"No actor should be in Chicago 'cause they wanta make money," a character says in "The Last Duck," a new play that includes a brief but pointed look at our
Countless Chicago performers working in theater, sketch or improv, have been down this path before. Scraping by. Doing it for nothing but artistic fulfillment. That's the Chicago way, a tradition set in motion during the early renegade years of playwright
But one can only live on a diet of ramen and unrealized potential for so long.
He is in an entirely different tax bracket now, and glad for it. But the cupidity of Hollywood has made him wary. That's why he's back, working in Chicago for the next few months. "Not every play (in Chicago) excites me to my artistic core," he said last week, "but there's a lot of stuff out there that's like, 'Yeah, I would love to be in that play.' In LA, the scripts are like — just the titles alone are so depressing, like 'Dumb Girls.' So there is that question of, why do I want to be an actor? To be in movies and TV just for the sake of making money and it's a good job?"
In "The Last Duck," Neff's alter ego puts it this way: "Money kills art. That's a fact." If that doesn't sound like the rallying cry of Chicago's storefront theater scene, I don't know what does. But there will always be that tension, between the poverty-level purity of work in Chicago and the lure of becoming a household name, with a healthy net worth to match.
Is there something in the water these days? Two other new plays embrace this neurotic preoccupation, as well. "Johnny Theatre," at Chemically Imbalanced
Problem is, he returns with a massive ego that has outgrown the humility (and humiliations) of off-
Meanwhile, billed as a "truly Chicago tale," playwright Randall Colburn's "The Improv Play" opens Thursday at the Storefront Theater and follows the lives of three aspiring improvisers struggling for success and validation after one of their pals hits the jackpot, landing a gig on
Some choose to live here and do get national work, but the opportunities are limited. The Second City veteran and respected improviser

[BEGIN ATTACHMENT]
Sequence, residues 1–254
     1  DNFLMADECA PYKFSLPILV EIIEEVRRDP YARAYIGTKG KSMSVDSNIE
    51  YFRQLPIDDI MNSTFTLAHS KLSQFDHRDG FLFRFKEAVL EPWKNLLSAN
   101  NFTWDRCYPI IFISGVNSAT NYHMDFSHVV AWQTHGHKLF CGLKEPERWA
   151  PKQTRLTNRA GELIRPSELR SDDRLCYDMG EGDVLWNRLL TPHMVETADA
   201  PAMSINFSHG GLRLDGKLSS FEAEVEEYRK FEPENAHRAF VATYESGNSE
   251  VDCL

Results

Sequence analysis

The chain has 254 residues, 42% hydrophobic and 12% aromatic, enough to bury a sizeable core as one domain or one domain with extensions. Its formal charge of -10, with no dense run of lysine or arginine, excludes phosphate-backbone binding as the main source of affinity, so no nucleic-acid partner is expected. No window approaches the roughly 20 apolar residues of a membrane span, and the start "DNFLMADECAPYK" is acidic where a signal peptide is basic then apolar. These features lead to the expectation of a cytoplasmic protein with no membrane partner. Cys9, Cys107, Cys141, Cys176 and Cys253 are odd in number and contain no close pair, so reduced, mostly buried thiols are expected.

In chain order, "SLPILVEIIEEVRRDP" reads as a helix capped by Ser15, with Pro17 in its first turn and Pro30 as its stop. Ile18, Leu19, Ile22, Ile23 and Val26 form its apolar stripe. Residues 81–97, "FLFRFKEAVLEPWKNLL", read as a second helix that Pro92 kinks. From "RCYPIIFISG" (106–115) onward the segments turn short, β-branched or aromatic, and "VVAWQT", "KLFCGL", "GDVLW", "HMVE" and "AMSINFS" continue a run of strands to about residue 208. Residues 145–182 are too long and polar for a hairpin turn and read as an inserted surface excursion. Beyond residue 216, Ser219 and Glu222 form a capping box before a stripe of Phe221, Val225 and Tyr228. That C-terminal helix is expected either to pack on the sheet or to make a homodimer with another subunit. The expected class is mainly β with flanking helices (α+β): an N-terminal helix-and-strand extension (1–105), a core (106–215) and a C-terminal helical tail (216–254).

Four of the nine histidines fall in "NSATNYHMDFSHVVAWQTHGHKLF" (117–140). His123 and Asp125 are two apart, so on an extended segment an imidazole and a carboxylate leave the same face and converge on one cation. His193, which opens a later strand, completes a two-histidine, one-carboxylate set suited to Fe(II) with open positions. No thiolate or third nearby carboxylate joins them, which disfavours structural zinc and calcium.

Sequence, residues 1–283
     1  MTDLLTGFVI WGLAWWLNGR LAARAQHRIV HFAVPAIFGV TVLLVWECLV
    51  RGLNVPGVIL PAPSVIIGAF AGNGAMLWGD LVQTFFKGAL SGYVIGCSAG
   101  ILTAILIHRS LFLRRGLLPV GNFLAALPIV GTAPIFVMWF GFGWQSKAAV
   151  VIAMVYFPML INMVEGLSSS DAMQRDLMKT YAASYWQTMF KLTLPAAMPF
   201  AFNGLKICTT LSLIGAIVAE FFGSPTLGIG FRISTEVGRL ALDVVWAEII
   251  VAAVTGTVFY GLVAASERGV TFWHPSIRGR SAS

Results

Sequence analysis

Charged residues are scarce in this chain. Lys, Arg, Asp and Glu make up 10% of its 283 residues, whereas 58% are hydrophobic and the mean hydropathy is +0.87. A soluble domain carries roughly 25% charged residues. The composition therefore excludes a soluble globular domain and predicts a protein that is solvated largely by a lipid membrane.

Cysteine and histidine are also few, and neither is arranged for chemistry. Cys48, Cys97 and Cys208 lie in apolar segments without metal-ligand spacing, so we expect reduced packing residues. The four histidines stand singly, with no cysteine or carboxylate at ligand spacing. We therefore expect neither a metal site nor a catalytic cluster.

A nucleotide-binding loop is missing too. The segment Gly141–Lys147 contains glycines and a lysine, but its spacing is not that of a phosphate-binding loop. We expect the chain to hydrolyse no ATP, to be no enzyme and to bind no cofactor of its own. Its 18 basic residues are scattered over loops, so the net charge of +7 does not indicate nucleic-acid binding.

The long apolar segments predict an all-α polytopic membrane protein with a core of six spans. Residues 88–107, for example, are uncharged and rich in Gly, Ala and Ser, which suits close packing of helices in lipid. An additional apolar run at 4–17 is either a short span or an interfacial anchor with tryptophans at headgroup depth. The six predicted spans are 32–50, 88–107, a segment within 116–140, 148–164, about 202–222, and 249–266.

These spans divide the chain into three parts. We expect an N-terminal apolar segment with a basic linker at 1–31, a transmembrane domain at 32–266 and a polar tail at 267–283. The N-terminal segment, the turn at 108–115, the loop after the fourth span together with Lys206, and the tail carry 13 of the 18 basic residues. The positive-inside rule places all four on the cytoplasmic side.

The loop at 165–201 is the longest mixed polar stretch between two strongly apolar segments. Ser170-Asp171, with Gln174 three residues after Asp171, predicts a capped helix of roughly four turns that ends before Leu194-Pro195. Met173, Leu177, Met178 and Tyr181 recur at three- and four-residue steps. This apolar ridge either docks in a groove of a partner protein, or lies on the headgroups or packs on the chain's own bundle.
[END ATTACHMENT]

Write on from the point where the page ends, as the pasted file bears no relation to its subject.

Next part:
"There's always going to be this awful ambivalence," said
"If you decide to stay in Chicago, you have to have so much confidence in yourself, because you'll never be able to completely convince other humans that you actually made that choice. People will assume it was a choice made for you."
But the indignities in Hollywood can be endless. "Now I have the good fortune to be able to say no to things," said
This tension exists for audiences, too, by the way. We want local actors to hit the big time and become celebrities. We want the bragging rights, out of some weird mixture of pride and Second City insecurity.
The list goes on. For the most part, people don't come back. And we — the irrational, demanding, star-craving audience — feel cruelly forsaken. Didn't we make these people?
"It's not irrational," said Steppenwolf co-founder
Kinney (who co-stars in the new
"Johnny Theatre" takes this kind of sentiment and milks it for parody. As the obnoxious Hollywood actor says in the play: "This is going to be a bare-bones, no-holds-barred, down-and-dirty production that will literally kick the audience" into submission.
For most stars, Chicago is out of sight, out of mind, but there are exceptions. Steppenwolf ensemble member
It's nice to think you might bump into a Pulitzer winner or
But there is a point being made: that it's possible to have a major Hollywood career — in the last 12 months, Shannon juggled work on
"I never really wanted to leave Chicago," he said. "I never got frustrated with being in Chicago. I mean, I didn't have a very high standard of living, but I didn't get into acting to make money." And yet: "There's no money to be made at Red Orchid. After all this time, we're still struggling (as a company) to survive, constantly. It's really hard."
It's a unique coincidence of timing. "The Last Duck," "Johnny Theatre" and "The Improv Play" have all landed onstage within weeks of one another, drilling deep into Chicago's insecurities: You're busting your hump, but does anybody notice?
For his part, playwright Neff said he intends to keep working in Chicago, regardless of his career path in LA. But even he admits to being fallible.
"I don't know, maybe I'll become a really ruthless, cynical, money-hungry, glory-hungry person. That seems to happen to a lot of people," he said. "It seems to be a pretty natural progression, and it starts to be all about the biggest stage and the brightest lights and the biggest paycheck."